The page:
Sourdough Pumpkin Swirl Bread
As promised, I am going to show how my Pumpkin Swirl Bread turned out…rather didn’t turn out. Despite the picture shown in the book, I did not understand the directions and went off on my own whim. The bread turned out okay but there were some things that I flat did not understand. As you read the recipe, you will probably get something I didn’t.
I did the Starter and it went very well. If it hadn’t, I wouldn’t have had a clue since it’s been years and years since I have made it. So I went about my happy baking clueless to any failure that might occur. Since I felt like I had done well with the starter I started in on the recipe. I did the mixing and then put the ingredients.
The trouble occurred for me after I followed the rolling out instructions. I looked at the book and just couldn’t understand how you could get rolls from rolling the dough from both ends to meet in the middle and then cut it with scissors. I know it’s hard to visualize while reading. Hey, I had the silly picture in front of me and still did not understand how this was going to work.
So I rolled up the dough from both ends to the middle like the picture showed. It would look like two jelly rolls side by side, if that helps you any. Then I decided that the instructions were beyond me and I cut right down the middle and then made cuts one inch apart to make individual rolls, which is not what I think the author intended but I needed just one more picture to explain it to me and it just flat wasn’t there. So, hence the rolls were a bit drier than they might have been if I had understood and followed the instructions. So here we go:
Sourdough Pumpkin Swirl Bread
Makes 1 loaf (or lots of rolls if you don’t follow the directions)
For the Sponge
½ cup sourdough starter (see the post before this one)
1 cup unbleached all-purpose flour
½ cup warm water (105-115 F)
For the Dough
½ cup warm milk (105-115F)
1 tsp salt
1 tsp ground cinnamon
½ tsp ground ginger
2 ½-3 ½ cups unbleached all-purpose flour
For the Filling
1 cup unsweetened canned pureed pumpkin
1 tsp ground cinnamon
1 cup finely chopped pecans
½ cup brown sugar, firmly packed
For the Icing
3 ounces cream cheese, at room temp.
2 cups confectioners’ sugar
2-4 TBS milk
At least 12 hours in advance, combine the starter, flour, water and sugar in a large glass or pottery bowl and mix well. The sponge will have the consistency of caked batter. Cover with plastic wrap and let ripen for at least 12 hours and not more 36 hours.
When ready to make the dough, add the milk, salt, cinnamon, ginger, and 1 cup of flour to the sponge. Beat vigorously with a dough whisk or heavy-handled spoon for 2 minutes.
Gradually add more of the remaining flour, ¼ cup at a time, until the dough forms a mass and begins to pull away from the side of the bowl. Turn the dough out onto a floured work surface.
Knead, adding more flour, a little at a time as necessary for 8-10 minutes, or until the dough is smooth and elastic and blisters begin to develop on the surface.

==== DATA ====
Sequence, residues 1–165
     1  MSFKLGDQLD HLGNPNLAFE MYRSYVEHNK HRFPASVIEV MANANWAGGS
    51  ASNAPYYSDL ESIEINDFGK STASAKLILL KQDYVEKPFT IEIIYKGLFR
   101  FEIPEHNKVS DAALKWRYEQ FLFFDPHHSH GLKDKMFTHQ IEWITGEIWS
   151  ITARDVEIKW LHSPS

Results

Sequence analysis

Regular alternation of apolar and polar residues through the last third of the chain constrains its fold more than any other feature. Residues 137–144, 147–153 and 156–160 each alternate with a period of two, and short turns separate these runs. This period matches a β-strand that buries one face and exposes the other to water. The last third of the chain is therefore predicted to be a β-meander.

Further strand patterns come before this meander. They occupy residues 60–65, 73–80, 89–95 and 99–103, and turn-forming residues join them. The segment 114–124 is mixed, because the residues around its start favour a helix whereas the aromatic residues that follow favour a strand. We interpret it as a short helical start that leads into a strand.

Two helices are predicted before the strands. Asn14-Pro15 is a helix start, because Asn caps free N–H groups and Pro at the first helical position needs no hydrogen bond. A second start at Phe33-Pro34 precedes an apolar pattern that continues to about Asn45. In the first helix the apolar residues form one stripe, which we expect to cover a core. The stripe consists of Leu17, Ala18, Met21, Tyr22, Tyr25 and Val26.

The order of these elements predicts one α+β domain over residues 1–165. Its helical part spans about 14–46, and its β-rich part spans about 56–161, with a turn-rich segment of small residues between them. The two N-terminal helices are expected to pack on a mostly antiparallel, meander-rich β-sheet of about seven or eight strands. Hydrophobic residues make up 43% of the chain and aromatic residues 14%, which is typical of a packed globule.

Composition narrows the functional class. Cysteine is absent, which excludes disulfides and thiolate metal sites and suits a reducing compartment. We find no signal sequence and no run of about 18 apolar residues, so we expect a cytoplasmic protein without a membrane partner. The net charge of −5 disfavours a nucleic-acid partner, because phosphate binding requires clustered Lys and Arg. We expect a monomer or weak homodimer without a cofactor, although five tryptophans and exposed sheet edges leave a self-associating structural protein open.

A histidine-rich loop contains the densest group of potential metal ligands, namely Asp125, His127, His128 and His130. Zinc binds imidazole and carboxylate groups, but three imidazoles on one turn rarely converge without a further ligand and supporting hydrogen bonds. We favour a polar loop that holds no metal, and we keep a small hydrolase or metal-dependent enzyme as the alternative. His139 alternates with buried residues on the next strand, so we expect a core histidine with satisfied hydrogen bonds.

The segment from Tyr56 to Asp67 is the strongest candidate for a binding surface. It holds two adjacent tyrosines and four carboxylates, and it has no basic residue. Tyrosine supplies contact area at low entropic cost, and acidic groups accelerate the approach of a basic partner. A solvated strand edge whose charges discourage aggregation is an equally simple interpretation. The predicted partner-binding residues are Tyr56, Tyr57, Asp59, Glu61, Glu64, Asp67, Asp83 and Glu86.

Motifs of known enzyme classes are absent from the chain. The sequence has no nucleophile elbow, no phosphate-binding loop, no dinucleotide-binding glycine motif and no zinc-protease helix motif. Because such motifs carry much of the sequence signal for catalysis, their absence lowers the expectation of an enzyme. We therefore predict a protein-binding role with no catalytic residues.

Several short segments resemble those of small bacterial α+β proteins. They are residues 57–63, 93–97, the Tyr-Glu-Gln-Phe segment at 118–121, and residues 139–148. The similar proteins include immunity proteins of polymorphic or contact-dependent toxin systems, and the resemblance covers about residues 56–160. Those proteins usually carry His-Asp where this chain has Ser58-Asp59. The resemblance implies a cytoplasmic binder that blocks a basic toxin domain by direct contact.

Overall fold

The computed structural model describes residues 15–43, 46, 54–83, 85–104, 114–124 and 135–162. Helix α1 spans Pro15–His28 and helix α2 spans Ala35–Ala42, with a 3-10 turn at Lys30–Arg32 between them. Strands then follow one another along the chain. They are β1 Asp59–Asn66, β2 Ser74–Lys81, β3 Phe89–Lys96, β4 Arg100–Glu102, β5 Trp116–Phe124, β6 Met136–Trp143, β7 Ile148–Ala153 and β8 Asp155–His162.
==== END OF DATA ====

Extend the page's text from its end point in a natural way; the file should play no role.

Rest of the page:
Break off 1/3 of the dough and set aside for the filling. Form the remaining dough into a ball and put it into an oiled bowl. Turn to coast the entire ball of dough with oil. Cover with a tightly woven kitchen towel and let rise at room temperature for about 2 hours.
For the filling, add the pumpkin, cinnamon, pecans and brown sugar to the smaller piece of dough. Using your hands, a food processor, or a pastry blender, mix the ingredients with the dough until well combined. This is a messy step. Cover the bowl with plastic wrap and set aside.
When the plain dough has risen, turn it out onto a lightly oiled work surface. Using a rolling pin, roll it into an 11X20 inch rectangle. Spread the pumpkin mixture evenly over the rectangle. Roll one of the shorter edges to the center. Roll the dough from the other short edge to the center. Carefully lift the dough and put it on the parchment-lined or a well-greased baking sheet.
Using long-bladed scissors make cuts along one side of the dough to the center, about 1 inch part, cutting almost all the way to the center. Repeat on the other side. Turn the cut pieces on their sides with the cut side facing up. The cut pieces can be turned in the same direction or turned in alternating directions.
Cover the dough with a towel and let rise for about 1 ½ hours, or until almost doubled in size.
About 15 minutes before the end of the rising, preheat the oven to 375.
Bake the bread for 25-40 minutes, or until golden brown (the internal temperature should be 190F). Remove from the baking sheet and let sit for 20 minutes on a rack.
For the icing, combine the cream cheese and confectioners’ sugar with enough milk to make a spreadable icing. Spread over top of the warm bread.
NOTE: After baking this and re-reading the book several times I know how this is supposed to turn out. It’s supposed to bake a giant loaf, but spread out flattish by cutting the slits in the dough and then pushing them a bit, one against the other. Despite not understand the final instructions, I think my little rolls turned out well. Everyone at worked liked them (except for those who don’t like nuts). I had fun playing with the starter and doing the whole process. I will make this a second time, only following the instructions.